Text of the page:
Marshall Kirkpatrick at ReadWriteWeb wrote a post arguing that the people working at Twitter aren’t using the service the way its power users do, and that this bodes ill for Twitter. His main arguments:
- Twitter’s employees don’t twitter very much: an average of 2 to 3 tweets per person per day.
- Twitter employees don’t follow very many other people: only 2 out of 49 Twitter team members follow more than 500 people and no one was over 1k.
- Twitter staff members aren’t following top Twitter developers in the community.
I can’t really address the third point, but the first two–and especially the second–are hardly helpful to Kirkpatrick’s case. To the contrary, they argue that the people who work at Twitter get it. And, to make sure Kirkpatrick got it, Twitter CEO Ev Williams even wrote him a letter, in which he said:
Many people fall into the trap that you should follow all or most people back out of a sense of politeness or so-called engagement with the community… At a certain point, you’re not actually reading any more tweets by following more people — you’re just dipping into the stream somewhat randomly and missing a whole lot of what people say. That’s fine, but I believe people will generally get more value out of Twitter by dropping the symmetrical relationship expectation and simply curating their following list based on the information and people they want to tune in to.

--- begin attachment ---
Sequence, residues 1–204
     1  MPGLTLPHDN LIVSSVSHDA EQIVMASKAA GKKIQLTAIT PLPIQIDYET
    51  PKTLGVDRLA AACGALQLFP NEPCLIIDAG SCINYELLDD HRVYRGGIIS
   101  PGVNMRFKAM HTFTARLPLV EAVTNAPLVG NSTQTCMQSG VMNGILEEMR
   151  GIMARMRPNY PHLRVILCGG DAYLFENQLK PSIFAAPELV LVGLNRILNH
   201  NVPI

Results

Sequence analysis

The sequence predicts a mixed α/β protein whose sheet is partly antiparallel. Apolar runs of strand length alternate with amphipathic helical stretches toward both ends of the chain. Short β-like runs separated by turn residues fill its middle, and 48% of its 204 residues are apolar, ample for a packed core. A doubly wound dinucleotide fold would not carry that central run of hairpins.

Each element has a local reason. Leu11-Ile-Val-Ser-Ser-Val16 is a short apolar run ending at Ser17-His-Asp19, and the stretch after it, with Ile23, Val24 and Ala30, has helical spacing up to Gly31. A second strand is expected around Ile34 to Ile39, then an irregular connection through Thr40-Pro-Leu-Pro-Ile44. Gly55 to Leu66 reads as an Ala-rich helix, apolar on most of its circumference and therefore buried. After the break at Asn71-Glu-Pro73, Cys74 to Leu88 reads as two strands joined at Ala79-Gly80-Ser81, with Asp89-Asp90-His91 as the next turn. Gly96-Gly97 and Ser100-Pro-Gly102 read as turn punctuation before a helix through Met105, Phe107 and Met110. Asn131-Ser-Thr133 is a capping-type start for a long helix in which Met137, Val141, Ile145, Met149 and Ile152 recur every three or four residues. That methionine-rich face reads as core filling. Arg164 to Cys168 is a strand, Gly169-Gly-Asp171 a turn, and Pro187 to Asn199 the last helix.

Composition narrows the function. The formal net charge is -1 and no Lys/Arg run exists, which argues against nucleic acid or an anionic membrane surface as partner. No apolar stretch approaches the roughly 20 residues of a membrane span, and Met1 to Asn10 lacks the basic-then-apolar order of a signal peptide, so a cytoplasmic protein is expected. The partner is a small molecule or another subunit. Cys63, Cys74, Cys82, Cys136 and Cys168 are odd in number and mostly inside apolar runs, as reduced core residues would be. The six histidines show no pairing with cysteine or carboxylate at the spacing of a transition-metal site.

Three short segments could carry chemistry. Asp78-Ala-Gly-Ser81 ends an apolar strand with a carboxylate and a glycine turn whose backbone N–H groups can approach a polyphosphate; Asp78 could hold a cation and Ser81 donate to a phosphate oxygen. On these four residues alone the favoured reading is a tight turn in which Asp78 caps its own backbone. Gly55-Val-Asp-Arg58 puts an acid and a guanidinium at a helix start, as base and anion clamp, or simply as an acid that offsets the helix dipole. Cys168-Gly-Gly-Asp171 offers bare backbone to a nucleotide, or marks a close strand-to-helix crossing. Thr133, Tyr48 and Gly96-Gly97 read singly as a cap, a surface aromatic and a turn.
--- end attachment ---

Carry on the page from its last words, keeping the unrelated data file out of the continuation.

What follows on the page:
Amen! I’ve been hammering this point here in most of my posts about Twitter, but here is a handful of examples for newer readers:
- Twitter’s Twist on the Attention Economy
- An Attention Ponzi Scheme?
- Putting the Social back in Social Networks
- The Real Twitter
- Guy Kawasaki, I’ll Say It
And of course the whole point of TunkRank is to discourage the vicious circle of reciprocity and fake following. That’s baked into the the measure which, like PageRank, divides the voting power by the number of out-links.
The comments on Kirkpatrick’s post suggest that a lot of regular Twitter users also get it. I find that reassuring, especially given the hype around Twitter in the last several weeks. Twitter can be a useful tool but it will help if people don’t devalue it by imposing cultural norms that devalue the social network. I’m glad the folks who have given us Twitter realize that.